Time Tells The Best Stories

I had an interesting conversation a few weeks ago that has made me think a bit as time goes on. I was out drinking at a bar in SF and it was reaching the end of the night after a festive occasion. I wasn’t overly drunk, but I had consumed a fair amount of wine over the length of the evening, so I was not perhaps in the best of conversational and intellectually reflective form. The person I was speaking to was kind of grilling me as to why it is that I am a capable writer, but I do not seem to have any ambition to do anything with it. I blathered on a bit about my blog and about how I’d made a choice long ago to simply write for the love and heck of it, not for profit, and furthermore that I have little attention span nor dedication to writing cohesive pieces, etc, but I have to admit that I do not feel like my answers really addressed what she was attempting to get to the heart of.

Now look, I was flattered, first and foremost, that anyone would even give two shits about whether I can write or not. And I was flattered that someone would have the empathy and zeal to even bother to press me on the issue. But I was also somewhat taken aback, as I am not accustomed to having to defend myself on the choices that I make that determine my life’s path. But before I could talk my way any further into any insight on the matter, the bar was closing and it was time to go.

I think I realized, as the conversation ended, that I wished that it could continue and that I could really explain my thought process and life decisions in a way that would convince ME. But I also realized that the reality is that truly having that level of conversation, reflecting about oneself and one’s passions and life decisions, is just a bit too narcissistic to really occur anywhere other than in a therapist’s office. Or, well, on a blog.  Oh yes, my friends, self-therapy is unfortunately sometimes and all too often the name of the game here on Manderson’s Bubble.

I mean, I don’t have any illusions of grandeur. I generally get around 100 recorded hits a day, with the majority of those hits consisting of people doing searches for guns and ending up on my post about my grandfather’s gun collection.  Which is definitely not the post that I would care to be remembered by, though it’s nice to know that it might be interesting to people doing research like I was doing.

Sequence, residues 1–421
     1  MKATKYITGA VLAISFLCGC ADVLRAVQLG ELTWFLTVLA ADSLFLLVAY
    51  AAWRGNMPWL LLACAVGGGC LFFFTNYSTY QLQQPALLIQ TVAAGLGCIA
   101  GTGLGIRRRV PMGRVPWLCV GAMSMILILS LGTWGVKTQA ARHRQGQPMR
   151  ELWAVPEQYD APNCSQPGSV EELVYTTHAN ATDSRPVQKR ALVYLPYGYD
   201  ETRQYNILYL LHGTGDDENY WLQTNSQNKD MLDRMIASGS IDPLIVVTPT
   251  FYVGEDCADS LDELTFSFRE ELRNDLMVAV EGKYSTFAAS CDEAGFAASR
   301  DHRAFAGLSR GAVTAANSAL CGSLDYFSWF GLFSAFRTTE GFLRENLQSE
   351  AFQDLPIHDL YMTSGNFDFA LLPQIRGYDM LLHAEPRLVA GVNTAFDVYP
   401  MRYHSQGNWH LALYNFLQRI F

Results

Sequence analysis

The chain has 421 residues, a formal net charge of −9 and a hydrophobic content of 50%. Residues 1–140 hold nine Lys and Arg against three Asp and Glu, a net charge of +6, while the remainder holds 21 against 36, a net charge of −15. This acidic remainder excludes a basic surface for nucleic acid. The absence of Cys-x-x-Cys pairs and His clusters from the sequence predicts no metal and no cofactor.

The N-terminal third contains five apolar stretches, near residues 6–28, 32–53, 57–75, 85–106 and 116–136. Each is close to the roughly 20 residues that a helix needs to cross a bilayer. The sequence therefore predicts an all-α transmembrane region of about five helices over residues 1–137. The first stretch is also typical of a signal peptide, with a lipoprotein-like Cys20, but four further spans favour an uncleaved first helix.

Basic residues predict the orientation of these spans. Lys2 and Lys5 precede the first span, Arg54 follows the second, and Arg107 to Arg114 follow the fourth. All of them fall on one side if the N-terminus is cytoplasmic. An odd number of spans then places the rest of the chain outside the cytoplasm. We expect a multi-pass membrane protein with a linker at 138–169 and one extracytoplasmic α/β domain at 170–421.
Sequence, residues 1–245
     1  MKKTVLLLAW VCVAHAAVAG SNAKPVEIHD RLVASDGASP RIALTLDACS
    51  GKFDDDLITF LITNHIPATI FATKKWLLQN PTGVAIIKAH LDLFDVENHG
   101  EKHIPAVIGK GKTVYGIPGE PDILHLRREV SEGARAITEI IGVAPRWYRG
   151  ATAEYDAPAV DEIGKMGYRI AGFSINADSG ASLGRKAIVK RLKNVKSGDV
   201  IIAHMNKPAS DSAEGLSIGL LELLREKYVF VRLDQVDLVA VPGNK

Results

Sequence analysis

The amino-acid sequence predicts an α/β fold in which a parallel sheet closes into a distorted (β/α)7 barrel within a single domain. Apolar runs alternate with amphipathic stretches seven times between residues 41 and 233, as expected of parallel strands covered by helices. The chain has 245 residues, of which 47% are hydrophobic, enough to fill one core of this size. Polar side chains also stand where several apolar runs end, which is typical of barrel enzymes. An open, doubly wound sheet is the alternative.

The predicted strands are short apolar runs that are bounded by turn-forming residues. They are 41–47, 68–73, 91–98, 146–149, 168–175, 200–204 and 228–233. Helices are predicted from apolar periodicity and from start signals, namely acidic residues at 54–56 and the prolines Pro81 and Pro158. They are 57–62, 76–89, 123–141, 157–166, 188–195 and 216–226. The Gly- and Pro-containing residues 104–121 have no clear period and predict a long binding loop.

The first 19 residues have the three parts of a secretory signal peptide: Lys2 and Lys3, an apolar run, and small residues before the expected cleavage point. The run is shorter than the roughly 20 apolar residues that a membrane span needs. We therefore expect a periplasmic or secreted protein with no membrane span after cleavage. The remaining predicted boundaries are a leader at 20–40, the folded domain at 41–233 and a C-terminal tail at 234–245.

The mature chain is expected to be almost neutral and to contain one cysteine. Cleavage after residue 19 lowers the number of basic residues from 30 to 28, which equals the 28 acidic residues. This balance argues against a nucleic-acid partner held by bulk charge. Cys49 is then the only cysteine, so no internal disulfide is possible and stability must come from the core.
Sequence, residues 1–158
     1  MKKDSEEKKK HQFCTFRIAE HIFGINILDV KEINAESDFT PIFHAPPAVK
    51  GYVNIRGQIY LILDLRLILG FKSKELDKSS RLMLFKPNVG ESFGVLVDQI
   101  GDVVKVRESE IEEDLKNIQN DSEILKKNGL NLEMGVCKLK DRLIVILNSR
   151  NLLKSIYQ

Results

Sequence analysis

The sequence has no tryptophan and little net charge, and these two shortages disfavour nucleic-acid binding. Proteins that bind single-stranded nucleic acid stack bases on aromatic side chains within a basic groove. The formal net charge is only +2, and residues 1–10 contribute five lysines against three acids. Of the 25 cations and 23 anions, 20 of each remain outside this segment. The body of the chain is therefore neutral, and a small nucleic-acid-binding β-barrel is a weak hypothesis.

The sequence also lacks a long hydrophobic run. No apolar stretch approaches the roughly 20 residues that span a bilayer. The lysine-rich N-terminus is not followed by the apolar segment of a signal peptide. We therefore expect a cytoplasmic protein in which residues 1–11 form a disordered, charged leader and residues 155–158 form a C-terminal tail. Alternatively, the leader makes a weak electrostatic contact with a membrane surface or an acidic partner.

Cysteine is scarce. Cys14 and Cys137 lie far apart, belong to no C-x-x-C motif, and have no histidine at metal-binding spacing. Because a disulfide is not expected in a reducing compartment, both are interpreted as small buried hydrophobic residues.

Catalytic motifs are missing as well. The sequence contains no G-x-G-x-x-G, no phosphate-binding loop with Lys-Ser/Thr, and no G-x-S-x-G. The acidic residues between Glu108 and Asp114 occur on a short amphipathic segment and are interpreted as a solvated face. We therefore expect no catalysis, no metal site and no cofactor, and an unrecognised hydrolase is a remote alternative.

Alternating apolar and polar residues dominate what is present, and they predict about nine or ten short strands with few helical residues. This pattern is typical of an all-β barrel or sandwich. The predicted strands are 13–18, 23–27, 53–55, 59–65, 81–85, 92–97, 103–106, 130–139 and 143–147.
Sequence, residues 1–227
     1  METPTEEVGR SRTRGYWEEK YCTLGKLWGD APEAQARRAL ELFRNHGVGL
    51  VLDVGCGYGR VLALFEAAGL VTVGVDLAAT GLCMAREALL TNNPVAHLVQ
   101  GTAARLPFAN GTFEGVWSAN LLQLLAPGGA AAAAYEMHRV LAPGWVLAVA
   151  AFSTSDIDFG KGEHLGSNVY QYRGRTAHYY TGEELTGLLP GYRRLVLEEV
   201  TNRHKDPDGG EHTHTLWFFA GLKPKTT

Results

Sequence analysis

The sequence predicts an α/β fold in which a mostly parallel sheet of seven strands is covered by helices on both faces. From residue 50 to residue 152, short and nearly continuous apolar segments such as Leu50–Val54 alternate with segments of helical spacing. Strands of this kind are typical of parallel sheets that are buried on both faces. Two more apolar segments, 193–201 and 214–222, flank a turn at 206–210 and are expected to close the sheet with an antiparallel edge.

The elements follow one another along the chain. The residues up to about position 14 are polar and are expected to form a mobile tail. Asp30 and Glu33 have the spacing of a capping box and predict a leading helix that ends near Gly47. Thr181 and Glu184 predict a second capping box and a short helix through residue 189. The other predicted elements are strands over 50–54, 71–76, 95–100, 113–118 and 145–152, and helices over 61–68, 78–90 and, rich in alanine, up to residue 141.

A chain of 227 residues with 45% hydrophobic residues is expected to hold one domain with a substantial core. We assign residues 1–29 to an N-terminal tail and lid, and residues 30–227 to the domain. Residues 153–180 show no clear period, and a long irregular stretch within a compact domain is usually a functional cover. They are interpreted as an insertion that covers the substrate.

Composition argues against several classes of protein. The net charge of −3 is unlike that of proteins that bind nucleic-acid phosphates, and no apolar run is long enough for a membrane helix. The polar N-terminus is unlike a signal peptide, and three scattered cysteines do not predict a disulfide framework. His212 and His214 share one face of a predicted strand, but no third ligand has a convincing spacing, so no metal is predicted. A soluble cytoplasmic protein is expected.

But I do know that I can be a competent writer, when I apply myself to it. I’ve helped people to edit professional writings and academic essays, and I’ve been penning my bullshit onto this blog for some time now, of course. But what of it? Lots of people are competent writers, and they are out there making a living out of it.

I made a declaration long ago that I didn’t want to write to be published. And the more I tried to defend that long ago decision in that somewhat drunken conversation, the more I realized just how much of that decision could be attributed to the low self-esteem and angry alienation that I was going through at that time in my life. I’ve never really questioned that choice I made, but I have always wanted to write in some capacity, and so the only way I’ve found that I could keep positive and excited about writing was to share it with my friends. So in college, I started an e-mail list, and I would write almost daily prose/poetry pieces that I would then e-mail to people (some of which you can view under the category Pre-Blog Missives). And then later, I started a blog, because it seemed to make better sense to give people a choice as to whether they wanted to bother reading my shit or not, instead of stuffing it into their inboxes. And that’s what I’ve been doing ever since. Just writing to share with friends.

But what is this impulse to share my writing with you really about? Isn’t it at heart a desire to be recognized? Why shouldn’t this desire be translated into a project, into a book, into a career?

These are the questions that were raised in my mind. I want to take a moment to stress that I am not expressing regret for any of my life decisions in terms of career, academics,  or otherwise. I am happy to have taken the path that I have chosen, and I am extremely excited, currently, to become a teacher. But neither does my current trajectory negate any future potential for taking my writing to another level. And perhaps at the bottom of it all, no matter how I may declaim about how I like my writing to be imperfect and mundane and blah blah blah, perhaps I really do want to take my writing to another level, and I’ve just been too scared or too lazy to really take it there.

Deep thoughts, folks, that I will end this post upon. Whatever the case, thank you for stopping by occasionally and enduring such indulgent and amateurish writing. Will I ever attempt to write something more cohesive and profound? Time will only tell.


Author: manderson

I live in NYC.

3 thoughts on “Time Tells The Best Stories”


  2. Your post brings to mind a poem by Marianne Williamson…

    Our Deepest Fear

    Our deepest fear is not that we are inadequate.
    Our deepest fear is that we are powerful beyond measure.

    It is our light, not our darkness, that most frightens us.
    We ask ourselves, Who am I to be brilliant,
    gorgeous, handsome, talented and fabulous?

    Actually, who are you not to be?
    You are a child of God.

    Your playing small does not serve the world.
    There is nothing enlightened about shrinking
    so that other people won’t feel insecure around you.
    We are all meant to shine, as children do.

    We were born to make manifest the glory of God within us.
    It is not just in some; it is in everyone.

    And, as we let our own light shine, we consciously give
    other people permission to do the same.
    As we are liberated from our fear,
    our presence automatically liberates others.

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